'Bay Bird Bingo’ around Morecambe Bay this winter

'Bay Bird Bingo’ around Morecambe Bay this winter

Residents and visitors around Morecambe Bay this winter are being encouraged to play ‘Bay Bird Bingo’, by getting the binoculars out and keeping the eyes peeled, for what has been named, in safari-style terms, Morecambe Bay’s ‘Big Nine’ birds.

The initiative, run by Morecambe Bay Partnership, is encouraging everyone visiting and living around the Bay to help protect its precious birdlife, by getting them to learn more about it, value and appreciate it.

To that end, the Partnership has created a leaflet based on nine of over 50 different species that call the Bay home, either permanently or just in winter, when they are escaping frozen tundra and Arctic conditions in locations such as Canada, Alaska, Scandinavia and Siberia.

The top nine species to spot whilst out and about playing ‘Bay Bird Bingo’ are knot, redshank, eider, oystercatcher, sanderling, ringed plover, shelduck, curlew, turnstone and lapwing.  Morecambe Bay Partnership suggests people keen to spot these, and other birds, arm themselves with knowledge of the Bay’s tide times by visiting www.tidetimes.org.uk and pay particular attention to the two hours before and after high tide and then high tide itself.

The opening hours of the birds’ precious seafood bar - the mudflats, sands and rocky skears -occur twice a day, either side of high tide.  At this time there is a plethora of food to be found in the sand and mud and around the shoreline, whether that is a meal of cockles and mussels, or a feast of insects or crabs.  The menu is extensive.

During these hours, the birds may seem to be complete gluttons, never ceasing to peck away and take on board their favourite nibbles, but there’s very good reason for this.  They only eat what they know they require to stay warm and survive during their ‘roost’ – which takes place around saltmarshes, jetties and piers when the tide is in and they can snuggle up and rest.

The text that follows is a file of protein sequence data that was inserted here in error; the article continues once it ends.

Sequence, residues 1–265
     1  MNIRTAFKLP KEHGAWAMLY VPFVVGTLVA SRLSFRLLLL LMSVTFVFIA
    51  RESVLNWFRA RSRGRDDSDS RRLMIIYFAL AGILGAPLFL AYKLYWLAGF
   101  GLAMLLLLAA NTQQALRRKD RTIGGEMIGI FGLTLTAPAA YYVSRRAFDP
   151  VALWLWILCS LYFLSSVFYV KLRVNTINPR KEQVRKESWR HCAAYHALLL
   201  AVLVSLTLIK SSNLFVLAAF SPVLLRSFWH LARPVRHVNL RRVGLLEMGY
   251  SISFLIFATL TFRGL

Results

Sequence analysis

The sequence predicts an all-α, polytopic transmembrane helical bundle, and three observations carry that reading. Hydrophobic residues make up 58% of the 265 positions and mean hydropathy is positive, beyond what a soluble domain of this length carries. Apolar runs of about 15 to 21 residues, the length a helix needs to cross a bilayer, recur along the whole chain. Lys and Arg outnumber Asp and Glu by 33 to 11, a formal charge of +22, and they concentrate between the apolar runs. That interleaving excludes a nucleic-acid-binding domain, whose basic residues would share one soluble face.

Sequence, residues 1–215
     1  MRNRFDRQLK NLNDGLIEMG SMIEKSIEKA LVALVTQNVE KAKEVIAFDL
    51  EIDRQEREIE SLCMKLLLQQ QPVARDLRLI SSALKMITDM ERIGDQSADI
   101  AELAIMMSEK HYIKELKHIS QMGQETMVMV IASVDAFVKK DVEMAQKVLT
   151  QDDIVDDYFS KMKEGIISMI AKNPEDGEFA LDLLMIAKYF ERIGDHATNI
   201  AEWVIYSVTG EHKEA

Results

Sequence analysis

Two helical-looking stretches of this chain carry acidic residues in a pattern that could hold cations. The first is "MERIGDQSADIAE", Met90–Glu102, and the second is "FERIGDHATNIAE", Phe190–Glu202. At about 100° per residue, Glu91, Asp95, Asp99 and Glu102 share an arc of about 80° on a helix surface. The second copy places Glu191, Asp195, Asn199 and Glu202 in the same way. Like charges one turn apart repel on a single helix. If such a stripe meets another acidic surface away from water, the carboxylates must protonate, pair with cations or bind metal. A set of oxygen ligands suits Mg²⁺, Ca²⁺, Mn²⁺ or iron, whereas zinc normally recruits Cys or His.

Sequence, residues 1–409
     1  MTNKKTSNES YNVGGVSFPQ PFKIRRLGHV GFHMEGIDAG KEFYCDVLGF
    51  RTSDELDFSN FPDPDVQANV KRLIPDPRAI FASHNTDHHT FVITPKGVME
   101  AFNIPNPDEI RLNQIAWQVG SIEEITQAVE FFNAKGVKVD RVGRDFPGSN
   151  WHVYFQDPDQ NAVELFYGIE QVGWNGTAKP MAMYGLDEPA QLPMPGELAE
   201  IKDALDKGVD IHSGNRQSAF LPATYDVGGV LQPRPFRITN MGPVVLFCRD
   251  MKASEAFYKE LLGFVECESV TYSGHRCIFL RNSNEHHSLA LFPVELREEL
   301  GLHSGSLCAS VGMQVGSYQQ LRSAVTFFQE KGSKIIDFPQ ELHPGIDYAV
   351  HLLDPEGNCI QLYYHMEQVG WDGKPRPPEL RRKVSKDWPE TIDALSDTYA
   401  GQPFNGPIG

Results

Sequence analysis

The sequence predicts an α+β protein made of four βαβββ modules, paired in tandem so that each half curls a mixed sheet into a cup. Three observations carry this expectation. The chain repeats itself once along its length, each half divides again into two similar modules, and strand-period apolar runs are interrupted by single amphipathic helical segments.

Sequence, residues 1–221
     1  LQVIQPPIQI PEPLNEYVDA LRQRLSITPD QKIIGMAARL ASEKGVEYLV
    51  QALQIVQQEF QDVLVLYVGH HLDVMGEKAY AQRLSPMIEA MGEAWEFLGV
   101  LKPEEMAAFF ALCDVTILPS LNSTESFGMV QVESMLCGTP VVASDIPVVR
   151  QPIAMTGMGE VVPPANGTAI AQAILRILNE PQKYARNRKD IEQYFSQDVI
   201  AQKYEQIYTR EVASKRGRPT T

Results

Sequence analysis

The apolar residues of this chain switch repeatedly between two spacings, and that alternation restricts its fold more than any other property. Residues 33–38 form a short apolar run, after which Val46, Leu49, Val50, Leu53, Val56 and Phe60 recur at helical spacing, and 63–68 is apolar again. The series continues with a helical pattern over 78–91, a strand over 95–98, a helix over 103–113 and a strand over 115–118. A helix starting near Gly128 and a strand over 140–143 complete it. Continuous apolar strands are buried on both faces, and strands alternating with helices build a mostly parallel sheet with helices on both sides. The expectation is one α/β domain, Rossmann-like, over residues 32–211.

Their careful calculation of how much food they need to take on-board can be completely wrecked if they have to fly off having been disturbed.  The birds use twelve times a much energy when in flight, so quickly use up the energy bank they had built up when feeding.  For this reason, all users of the sands are urged to take extra care not to startle or alarm roosting birds that may not be very visible from a distance, or even when quite close by if camouflaged. Dogs should be kept on a lead and well away from birds on the sands.

To give Morecambe Bay visitors all the information they need, Morecambe Bay Partnership has brought together a voluntary team of ‘Natural Ambassadors’ who can be found at some of the main roost sites around the Bay at weekends, with binoculars in hand and bright blue fleeces as identification.  They love to share their knowledge and passion for different species and are only too happy to help people spot ‘The Big Nine’ and many other birds.

Additionally, the brand-new leaflet that encourages Bay Bird Bingo highlights the many roost sites around the Bay, where different species might be spotted.  Some key sites are at Morecambe Promenade and Stone Jetty, around the rocky breakwaters and groynes, Potts Corner at Middleton, Red Nab, Hest Bank/Bolton-le-Sands, Walney Island and Canal Foot near Ulverston.  Roosts can, however, be found right around the Bay, in both Lancashire and Cumbria.

The leaflet, which highlights the birds living in one of the top three sites for wintering birds in the UK, has been so well received that a similar initiative in south England has adopted it to use for its own bird protection objectives on the Severn estuary.

Morecambe Bay Partnership’s Sophie Cringle says:

“Our new leaflet is the perfect resource for families, visitors and residents to use when trying to spot precious birds that really need to be protected so many thousands of miles away from their homes in the Arctic, along with those that stay with us all year.  The Bay supports a bird population of over 210,000 birds, which is some indication of how much food can be found at its seafood bars. 

“We know that people will better-protect the birds of the Bay, if they know more about them, so shall be making sure we put our messages out through various means this autumn and winter.”

Anyone photographing the birds is asked to do so from a respectful distance when they are dining or sleeping off that extra bit of seawater-clam ‘pud’ that they took on board! The Partnership would love people to share their photos, however, and tag in @BirdsoftheBay on Twitter or Morecambe Bay Partnership on Facebook.

View Birds of the Bay leaflet here